About time: Nie zeitig, aber immer zeitgemäß

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My student Isabella shot this photo in Friedrichshain, Berlin. Someone is offering time (Du brauchst Zeit?) and encourages with the imperative nimm (nehmen) to take some.

Zeit is important. It is relentless and forces us to wait until the break between the first and the second act when we arrive at the opera house only 5 minutes late.

Wir sind nicht pünktlich.

Wir haben nicht zeitig (early enough) das Haus verlassen, obwohl wir zeitgemäß (modern, up to date) gekleidet sind.

The word (adjektiv, adverb) rechtzeitig represents a bit more than zeitig does, something other than punctual at a scheduled time: just in time, timely.

Die Sopranistin fällt von der Bühne. Der Tenor kann sie noch rechtzeitig fangen.

We call a time period die Zeitperiode or der Zeitraum, “time-space.” If we refer to an event in a Zeitraum, we have to apply the dative as if it happens in an actual space:

Mozart schrieb die Zauberflöte in einem Zeitraum von drei Monaten.

There are countless temporal adverbs. Below you find adverbs that state the repetition of events.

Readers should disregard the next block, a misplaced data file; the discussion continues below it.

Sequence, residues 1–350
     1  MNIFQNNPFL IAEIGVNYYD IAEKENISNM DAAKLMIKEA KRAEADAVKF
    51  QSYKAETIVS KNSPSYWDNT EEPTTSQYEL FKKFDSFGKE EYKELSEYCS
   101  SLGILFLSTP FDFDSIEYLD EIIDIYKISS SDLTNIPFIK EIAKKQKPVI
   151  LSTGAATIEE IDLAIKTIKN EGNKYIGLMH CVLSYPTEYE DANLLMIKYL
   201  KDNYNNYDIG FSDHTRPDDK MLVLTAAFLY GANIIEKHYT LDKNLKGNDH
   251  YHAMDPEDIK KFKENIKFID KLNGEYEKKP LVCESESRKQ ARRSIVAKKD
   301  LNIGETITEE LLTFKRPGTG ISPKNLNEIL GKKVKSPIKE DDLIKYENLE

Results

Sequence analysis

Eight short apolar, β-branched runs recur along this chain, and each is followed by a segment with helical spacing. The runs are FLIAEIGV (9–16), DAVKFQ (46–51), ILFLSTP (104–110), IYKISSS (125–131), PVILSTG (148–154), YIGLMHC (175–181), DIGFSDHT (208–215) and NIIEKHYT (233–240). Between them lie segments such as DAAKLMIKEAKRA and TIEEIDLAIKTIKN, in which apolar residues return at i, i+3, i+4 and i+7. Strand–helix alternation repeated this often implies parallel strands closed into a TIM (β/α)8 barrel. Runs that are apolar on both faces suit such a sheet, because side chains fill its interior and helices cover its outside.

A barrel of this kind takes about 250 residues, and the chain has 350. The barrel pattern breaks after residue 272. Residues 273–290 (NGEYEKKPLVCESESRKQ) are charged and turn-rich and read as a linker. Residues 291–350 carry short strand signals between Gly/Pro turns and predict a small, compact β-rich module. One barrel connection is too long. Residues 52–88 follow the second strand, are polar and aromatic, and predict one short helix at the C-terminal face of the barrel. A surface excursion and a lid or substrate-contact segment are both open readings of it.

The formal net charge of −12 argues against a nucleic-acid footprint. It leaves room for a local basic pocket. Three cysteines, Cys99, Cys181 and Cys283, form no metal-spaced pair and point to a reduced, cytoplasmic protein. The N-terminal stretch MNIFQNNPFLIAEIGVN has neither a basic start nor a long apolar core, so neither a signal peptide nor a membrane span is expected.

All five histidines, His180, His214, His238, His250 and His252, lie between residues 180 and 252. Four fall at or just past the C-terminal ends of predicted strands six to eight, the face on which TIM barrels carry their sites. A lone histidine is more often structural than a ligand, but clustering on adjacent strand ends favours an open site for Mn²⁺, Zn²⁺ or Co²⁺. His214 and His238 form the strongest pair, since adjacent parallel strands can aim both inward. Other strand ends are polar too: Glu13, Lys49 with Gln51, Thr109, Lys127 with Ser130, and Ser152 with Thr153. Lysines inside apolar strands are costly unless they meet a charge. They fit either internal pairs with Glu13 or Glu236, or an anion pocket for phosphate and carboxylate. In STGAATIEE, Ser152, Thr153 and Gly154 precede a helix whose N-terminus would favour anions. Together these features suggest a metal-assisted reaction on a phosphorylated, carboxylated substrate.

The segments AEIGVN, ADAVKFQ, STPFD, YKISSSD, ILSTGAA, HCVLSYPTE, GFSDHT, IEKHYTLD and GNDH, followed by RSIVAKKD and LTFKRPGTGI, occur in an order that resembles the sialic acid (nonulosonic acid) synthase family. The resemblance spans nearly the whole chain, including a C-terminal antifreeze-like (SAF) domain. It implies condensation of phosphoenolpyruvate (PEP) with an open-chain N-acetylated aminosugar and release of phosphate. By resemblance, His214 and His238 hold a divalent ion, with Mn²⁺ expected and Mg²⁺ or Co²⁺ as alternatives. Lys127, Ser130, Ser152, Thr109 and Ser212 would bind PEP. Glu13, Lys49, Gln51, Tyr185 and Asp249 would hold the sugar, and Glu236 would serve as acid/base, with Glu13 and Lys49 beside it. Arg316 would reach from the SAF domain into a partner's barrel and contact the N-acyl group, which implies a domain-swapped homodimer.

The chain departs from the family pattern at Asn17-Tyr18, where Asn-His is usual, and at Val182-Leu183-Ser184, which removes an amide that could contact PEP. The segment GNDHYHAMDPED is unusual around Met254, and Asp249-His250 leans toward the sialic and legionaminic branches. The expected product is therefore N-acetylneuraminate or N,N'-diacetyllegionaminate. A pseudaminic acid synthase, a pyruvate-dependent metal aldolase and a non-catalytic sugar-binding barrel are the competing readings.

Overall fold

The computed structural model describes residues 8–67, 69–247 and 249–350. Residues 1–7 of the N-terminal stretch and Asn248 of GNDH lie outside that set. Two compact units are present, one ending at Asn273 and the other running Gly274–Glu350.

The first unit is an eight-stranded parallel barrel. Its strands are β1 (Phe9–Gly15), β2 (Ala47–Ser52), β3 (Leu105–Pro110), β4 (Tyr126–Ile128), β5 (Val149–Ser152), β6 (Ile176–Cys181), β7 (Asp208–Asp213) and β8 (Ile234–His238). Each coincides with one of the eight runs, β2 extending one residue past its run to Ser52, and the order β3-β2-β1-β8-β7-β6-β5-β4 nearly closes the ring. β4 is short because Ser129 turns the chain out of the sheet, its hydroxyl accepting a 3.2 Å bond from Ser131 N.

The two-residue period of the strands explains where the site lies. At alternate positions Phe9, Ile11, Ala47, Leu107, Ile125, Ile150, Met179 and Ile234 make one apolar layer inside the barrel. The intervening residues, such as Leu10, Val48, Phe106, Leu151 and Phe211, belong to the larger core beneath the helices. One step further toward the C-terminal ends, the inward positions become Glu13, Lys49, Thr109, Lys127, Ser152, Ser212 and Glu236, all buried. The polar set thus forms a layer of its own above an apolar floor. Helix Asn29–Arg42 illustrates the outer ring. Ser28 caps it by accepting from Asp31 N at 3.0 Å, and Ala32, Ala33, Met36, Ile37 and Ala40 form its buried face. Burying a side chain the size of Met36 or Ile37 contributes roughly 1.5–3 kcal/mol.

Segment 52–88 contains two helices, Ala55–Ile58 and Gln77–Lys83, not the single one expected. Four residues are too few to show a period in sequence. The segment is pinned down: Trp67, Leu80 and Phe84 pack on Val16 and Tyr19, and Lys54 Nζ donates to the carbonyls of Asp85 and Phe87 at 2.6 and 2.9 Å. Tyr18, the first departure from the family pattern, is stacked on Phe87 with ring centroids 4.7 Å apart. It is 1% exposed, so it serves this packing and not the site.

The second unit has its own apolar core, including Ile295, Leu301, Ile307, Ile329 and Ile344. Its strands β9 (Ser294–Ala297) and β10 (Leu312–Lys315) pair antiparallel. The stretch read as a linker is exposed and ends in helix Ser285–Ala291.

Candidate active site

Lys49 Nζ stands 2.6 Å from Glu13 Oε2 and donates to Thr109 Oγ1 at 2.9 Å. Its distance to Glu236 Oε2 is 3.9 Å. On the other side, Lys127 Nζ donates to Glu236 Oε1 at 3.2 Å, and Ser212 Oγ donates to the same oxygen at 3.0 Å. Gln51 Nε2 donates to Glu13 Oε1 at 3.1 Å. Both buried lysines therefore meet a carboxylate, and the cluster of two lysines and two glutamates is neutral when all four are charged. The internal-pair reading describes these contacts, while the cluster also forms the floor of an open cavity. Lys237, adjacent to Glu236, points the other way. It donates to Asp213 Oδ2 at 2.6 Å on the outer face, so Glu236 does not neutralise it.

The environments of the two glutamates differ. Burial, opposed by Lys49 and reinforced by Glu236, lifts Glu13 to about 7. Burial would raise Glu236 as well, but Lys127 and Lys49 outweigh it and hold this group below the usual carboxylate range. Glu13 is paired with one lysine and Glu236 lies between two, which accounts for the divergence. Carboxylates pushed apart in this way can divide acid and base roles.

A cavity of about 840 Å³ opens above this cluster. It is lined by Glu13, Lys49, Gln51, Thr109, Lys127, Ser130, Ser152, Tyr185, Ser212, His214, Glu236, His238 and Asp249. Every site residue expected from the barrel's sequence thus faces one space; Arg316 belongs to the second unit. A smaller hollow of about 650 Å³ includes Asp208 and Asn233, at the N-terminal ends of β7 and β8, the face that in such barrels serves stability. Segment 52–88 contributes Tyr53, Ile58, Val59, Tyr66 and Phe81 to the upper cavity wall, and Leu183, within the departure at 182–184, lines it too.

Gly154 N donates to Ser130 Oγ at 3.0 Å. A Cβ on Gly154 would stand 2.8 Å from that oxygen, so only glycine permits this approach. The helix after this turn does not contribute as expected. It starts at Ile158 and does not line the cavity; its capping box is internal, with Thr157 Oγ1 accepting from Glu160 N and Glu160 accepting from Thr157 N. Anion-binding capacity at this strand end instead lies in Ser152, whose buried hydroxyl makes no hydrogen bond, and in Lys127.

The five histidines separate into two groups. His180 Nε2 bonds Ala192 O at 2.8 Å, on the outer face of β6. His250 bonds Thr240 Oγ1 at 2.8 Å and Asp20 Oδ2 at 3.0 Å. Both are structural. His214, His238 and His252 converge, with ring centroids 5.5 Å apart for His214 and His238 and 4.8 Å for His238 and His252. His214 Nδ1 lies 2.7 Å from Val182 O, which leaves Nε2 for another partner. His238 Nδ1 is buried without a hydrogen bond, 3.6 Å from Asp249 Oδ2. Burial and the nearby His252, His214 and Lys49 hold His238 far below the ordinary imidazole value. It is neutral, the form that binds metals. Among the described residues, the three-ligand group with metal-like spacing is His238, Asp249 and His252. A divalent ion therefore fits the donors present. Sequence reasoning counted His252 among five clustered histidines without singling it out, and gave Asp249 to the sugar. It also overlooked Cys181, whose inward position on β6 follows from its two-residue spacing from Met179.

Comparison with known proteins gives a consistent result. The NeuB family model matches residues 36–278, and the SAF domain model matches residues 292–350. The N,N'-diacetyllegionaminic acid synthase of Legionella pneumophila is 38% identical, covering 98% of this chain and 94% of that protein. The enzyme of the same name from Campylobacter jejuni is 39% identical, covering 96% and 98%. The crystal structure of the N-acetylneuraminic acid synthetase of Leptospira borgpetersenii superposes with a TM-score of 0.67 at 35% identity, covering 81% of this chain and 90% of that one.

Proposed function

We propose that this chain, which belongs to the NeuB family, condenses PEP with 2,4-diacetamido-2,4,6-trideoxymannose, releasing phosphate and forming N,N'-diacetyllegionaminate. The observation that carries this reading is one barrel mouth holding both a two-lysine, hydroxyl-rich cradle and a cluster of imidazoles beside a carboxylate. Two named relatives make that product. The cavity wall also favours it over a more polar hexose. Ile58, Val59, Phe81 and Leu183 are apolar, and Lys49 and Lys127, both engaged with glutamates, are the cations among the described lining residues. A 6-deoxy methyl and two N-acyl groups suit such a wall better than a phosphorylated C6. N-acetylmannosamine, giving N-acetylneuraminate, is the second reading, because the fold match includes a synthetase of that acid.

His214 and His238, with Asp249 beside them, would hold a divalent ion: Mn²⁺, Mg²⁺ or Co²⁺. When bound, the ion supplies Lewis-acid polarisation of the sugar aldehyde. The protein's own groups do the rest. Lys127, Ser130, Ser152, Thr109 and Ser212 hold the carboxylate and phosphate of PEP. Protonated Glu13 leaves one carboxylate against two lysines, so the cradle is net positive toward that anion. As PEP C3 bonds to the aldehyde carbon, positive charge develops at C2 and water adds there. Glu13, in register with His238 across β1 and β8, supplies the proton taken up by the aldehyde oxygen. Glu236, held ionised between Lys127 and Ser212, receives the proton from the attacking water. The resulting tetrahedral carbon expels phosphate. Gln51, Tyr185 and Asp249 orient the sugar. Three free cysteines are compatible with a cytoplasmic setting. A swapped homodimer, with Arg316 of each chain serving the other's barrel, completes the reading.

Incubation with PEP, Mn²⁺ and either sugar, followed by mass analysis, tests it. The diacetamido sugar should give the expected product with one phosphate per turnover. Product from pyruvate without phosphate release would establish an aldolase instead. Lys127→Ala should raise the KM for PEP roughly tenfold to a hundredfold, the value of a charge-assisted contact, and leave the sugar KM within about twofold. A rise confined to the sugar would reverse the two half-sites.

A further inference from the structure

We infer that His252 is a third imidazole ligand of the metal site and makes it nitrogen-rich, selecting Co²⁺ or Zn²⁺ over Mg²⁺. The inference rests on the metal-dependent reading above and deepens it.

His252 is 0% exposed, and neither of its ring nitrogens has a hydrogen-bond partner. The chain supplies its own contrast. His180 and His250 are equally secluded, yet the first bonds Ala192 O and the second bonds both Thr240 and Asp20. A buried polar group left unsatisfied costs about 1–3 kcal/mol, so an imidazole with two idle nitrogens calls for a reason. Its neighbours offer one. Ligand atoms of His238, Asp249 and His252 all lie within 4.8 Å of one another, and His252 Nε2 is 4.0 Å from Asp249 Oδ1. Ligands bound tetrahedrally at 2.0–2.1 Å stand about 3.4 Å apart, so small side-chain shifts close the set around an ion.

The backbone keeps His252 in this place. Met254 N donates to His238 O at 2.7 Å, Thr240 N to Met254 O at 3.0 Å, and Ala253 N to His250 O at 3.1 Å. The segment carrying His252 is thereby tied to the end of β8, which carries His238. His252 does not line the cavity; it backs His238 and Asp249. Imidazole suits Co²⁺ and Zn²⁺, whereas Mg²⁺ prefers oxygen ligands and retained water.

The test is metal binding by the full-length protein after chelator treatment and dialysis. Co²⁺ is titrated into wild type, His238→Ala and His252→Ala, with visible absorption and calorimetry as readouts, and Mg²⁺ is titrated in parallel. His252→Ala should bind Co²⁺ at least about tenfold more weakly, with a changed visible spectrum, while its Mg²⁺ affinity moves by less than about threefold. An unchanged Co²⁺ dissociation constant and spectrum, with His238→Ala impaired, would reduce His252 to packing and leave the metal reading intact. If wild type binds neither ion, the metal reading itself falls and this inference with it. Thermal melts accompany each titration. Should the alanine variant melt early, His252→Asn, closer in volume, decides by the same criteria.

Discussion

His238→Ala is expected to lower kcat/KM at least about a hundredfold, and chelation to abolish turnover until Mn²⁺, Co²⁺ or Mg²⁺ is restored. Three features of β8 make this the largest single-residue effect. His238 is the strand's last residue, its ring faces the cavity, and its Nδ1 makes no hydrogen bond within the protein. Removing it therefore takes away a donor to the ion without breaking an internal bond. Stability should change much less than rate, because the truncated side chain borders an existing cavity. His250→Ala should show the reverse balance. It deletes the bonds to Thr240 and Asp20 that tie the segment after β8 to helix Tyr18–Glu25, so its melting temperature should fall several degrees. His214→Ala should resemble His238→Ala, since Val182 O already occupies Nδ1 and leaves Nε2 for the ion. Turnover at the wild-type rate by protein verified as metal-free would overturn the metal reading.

nie = 0 %                                                                   immer = 100 %

Ich rauche nie.                             Ich singe immer beim Duschen.

Please put these words in the correct order between nie and immer:

oft, selten, manchmal, meistens

Die Zeit exists also as the old word die Weile.

We know die Langeweile, that sneaks up to us when we watch a movie where nothing really happens, or listen to a person who really says nothing. A minute seems to take for ever. Die Langeweile means boredom, and langweilig boring, while die Kurzweile means the opposite, something interesting, exciting. Please repeat the following sentence and practice its pronunciation: Dieser Artikel ist kurzweilig.

About time: Nie pünktlich, aber immer zeitgemäß

About time: Nie pünktlich, aber immer zeitgemäß

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berndhendricks

Bernd Hendricks. Born in Duisburg, Germany. Based in Berlin. Writer, German Language Educator. I was six years old when I went to the opera for the first time. My Grandma took me to Hänsel und Gretel at the Deutsche Oper am Rhein in Duisburg. The first time I met an opera singer personally was during my time as foreign correspondent in New York when at a Christmas party a baritone pelted me with questions about the language of Zauberflöte. He was preparing for his role as Papageno. After my return to Berlin in September 2010, I have been giving German lessons to singers on their audition tours. My workshops in Berlin, Vienna, and London are based on my widely read book Ach, ich fühl’s—German for Opera Singers in Three Acts: Studying, Speaking, Singing. My latest book, Die Frist ist um—Navigate the Language of 10 German Operas, takes you on a journey through the language of the most popular and often performed operas in the German-speaking countries. I am also the author of several non-fiction books and two novels.

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